The Ambassador in Argentina (Armour) to the Secretary of State
[Received December 24—8:50 p.m.]
629. The Agricultural Attaché conferred on December 21 with Schiopetto, Director, Bureau Commerce and Industry, Argentine [Page 501]Ministry of Agriculture. With reference to the proposals transmitted to the Foreign Office on September 20 the latter stated that while Argentina wished to collaborate with the United States, Argentina, nevertheless, had a corn marketing “quota” in the English market and that the agreement might mean merely a sharing of this quota with the United States. It was explained that a sharing of the entire English market was involved but not an Argentine quota or outlet in that market. During the conversation it became evident that England is free to buy where it wishes and the Use of the term quota implying an assured outlet is not justified. Schiopetto observed also that lard and pork were meat products and could hardly be construed as corn in computing relative positions and percentages of the United States and Argentina as corn exporters.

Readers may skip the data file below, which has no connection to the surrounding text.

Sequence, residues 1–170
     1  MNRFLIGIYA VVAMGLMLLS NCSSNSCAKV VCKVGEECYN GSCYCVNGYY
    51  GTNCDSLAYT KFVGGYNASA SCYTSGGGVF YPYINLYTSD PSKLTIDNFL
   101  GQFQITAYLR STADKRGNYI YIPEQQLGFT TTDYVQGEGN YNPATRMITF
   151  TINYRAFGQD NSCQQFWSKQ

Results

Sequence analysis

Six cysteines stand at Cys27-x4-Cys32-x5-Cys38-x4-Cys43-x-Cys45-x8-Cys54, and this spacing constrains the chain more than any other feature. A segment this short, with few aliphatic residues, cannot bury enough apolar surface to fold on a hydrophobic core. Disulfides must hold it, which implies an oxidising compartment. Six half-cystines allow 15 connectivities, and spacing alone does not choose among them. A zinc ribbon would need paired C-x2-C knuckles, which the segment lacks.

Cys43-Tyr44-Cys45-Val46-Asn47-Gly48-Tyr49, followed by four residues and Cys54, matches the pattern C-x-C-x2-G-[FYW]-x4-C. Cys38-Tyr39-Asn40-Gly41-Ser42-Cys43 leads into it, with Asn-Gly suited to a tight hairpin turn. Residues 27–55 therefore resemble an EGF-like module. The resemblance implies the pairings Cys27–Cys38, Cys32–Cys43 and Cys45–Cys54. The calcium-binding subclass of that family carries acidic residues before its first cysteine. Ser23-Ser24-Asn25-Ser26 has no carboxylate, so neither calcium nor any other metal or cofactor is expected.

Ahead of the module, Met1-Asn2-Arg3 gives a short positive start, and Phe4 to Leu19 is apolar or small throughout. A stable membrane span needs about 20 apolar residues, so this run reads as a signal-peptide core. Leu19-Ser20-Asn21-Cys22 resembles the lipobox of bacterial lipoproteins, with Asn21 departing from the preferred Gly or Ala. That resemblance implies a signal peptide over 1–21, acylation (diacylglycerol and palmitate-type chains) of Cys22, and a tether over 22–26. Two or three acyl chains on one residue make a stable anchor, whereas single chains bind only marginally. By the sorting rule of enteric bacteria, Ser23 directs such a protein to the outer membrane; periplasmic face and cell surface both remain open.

There follows a discussion of the workability of the proposed agreement since shipping considerations and allocation by the British shipping control of freight space seems to be the determining factor as to the amount and source of corn imports. In the absence of shipping parity f. o. b. prices in New York and Buenos Aires would probably have to be substituted for a c. i. f. Liverpool price.
As evidenced by the delay in replying to Embassy’s notes and by the conversation with Schiopetto the Argentine Government seems indifferent to the agreement but apparently does not wish to appear non-cooperative. Schiopetto has apparently given our proposal very little serious thought and promised to think it over in order to discuss the matter at a later date.
La Nación today has a despatch from London quoting the President of Manbre and Garton, sugar refiners, as stating that there is a supply of 5,000,000 tons of corn in South America which Great Britain needs but the import of which is rendered difficult by the scarcity of shipping space, and he complains that in recent months space has been filled by products less essential to Great Britain than corn.